Q&A: Defense Business Board Chair Deborah Lee James, on Helping Pentagon See ‘Forest for the Trees’

Defense News

Flat defense budgets may be looming. The military’s focus is shifting away from the Middle East to China and Russia. And bills on everything from modernization to AI to the nuclear enterprise are coming due. With that combination of high-stakes missions and financial pressures on the horizon, the Pentagon has never been in greater need of the Defense Business Board’s advice, new chairwoman Deborah Lee James said.

ANALYSIS: Rapid Pulse Laser Weapons Could Be the Pentagon’s Future Edge

Breaking Defense

“Most of the Pentagon’s current research in directed energy weapons concerns continuous-wave lasers, which use a beam to burn out optical sensors or gradually cause other material damage. But defense leaders are increasingly interested in ultrashort pulse lasers (USPLs), unimaginably high-powered beams fired for a tiny fraction of a second to vaporize a small portion of a target’s surface or disrupt its electronics,” writes Joe Shepherd, vice president of directed energy innovation at Booz Allen Hamilton.

Critical US Infrastructure Now Needs Surface-to-Air Missile Protection During a Crisis

The Drive

A senior officer at the U.S.-Canadian North American Aerospace Defense Command, or NORAD, says the command is actively engaged in discussions about how to optimize air-defense capabilities, including ground-based surface-to-air missiles, to protect domestic critical infrastructure in a crisis. He said the growing ability of potential adversaries to launch long-range conventional strikes, especially using advanced air, sea, and submarine-launched cruise missiles, has prompted new concerns about threats to the homeland, which is "not a sanctuary any longer."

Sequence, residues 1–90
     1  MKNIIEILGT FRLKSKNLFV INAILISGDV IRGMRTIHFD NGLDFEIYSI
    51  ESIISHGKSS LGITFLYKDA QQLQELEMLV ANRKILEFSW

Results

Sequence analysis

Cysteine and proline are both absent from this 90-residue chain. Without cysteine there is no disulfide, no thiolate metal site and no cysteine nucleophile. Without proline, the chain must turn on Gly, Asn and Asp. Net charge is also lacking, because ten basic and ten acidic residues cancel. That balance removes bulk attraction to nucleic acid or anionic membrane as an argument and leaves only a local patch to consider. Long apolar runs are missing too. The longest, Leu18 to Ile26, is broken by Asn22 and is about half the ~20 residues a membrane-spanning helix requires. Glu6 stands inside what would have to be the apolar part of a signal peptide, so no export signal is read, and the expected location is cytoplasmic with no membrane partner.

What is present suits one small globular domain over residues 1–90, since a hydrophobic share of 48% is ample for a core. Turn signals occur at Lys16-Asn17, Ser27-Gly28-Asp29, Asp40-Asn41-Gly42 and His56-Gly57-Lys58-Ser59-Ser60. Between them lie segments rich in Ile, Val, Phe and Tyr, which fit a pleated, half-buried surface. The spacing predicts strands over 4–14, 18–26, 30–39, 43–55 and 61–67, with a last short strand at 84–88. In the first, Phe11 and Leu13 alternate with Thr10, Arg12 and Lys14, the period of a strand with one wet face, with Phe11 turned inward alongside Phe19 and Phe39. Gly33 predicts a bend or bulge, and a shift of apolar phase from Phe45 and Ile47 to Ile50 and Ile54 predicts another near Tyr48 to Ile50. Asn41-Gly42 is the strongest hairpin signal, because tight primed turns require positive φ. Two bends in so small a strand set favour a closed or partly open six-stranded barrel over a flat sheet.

16 Service Members Sue to Halt DOD's Vaccine Order

More than a dozen unidentified U.S. service members have filed a lawsuit seeking to overturn the Defense Department's COVID-19 vaccine order, saying they have natural immunity from contracting the illness, are pregnant, or are trying to have a baby and don't want the vaccines. The lawsuit—the second filed by U.S. military personnel against DOD leadership and the acting commissioner of the Food and Drug Administration—seeks exemptions from Defense Secretary Lloyd J. Austin III's Aug. 25 mandate requiring the vaccine, as well as a temporary restraining order to stop the ongoing immunizations.


Air Force release

For your situational awareness, it’s going to take "One Team, One Fight" for the Air Force to compete, deter, and win today and into the future. In this episode, the 26th Secretary of the Air Force Frank Kendall outlines some of his priorities that he hopes will ensure an edge over near-peer competition.

JWCC Cloud Contract Providers Will Have to Adhere to FedRAMP-like Cybersecurity Regime


Cloud providers selected for the Joint Warfighter Cloud Capability contract will have to pass a cybersecurity test similar to the Federal Risk and Authorization Management Program (FedRAMP) regime, according to the Department of Defense’s chief information security officer. Speaking at a CyberWeek session presented by CyberScoop, David McKeown said the cybersecurity inspection for companies participating in the new enterprise-wide contract would be conducted by the Defense Information Systems Agency.

One More Thing

Oregon Illegal Pot Grows: More Calls to Send National Guard

The Associated Press

On the same day last week that a southern Oregon county declared a state of emergency amid a sharp increase in illegal cannabis farms, police raided a site that had about 2 tons of processed marijuana and 17,500 pot plants. The raid illustrates that the proliferation of industrial-scale marijuana farms has gotten so bad and so brazen that Jackson County commissioners asked Gov. Kate Brown to send in the Oregon National Guard “to assist, as able, in the enforcement of laws related to the production of cannabis.”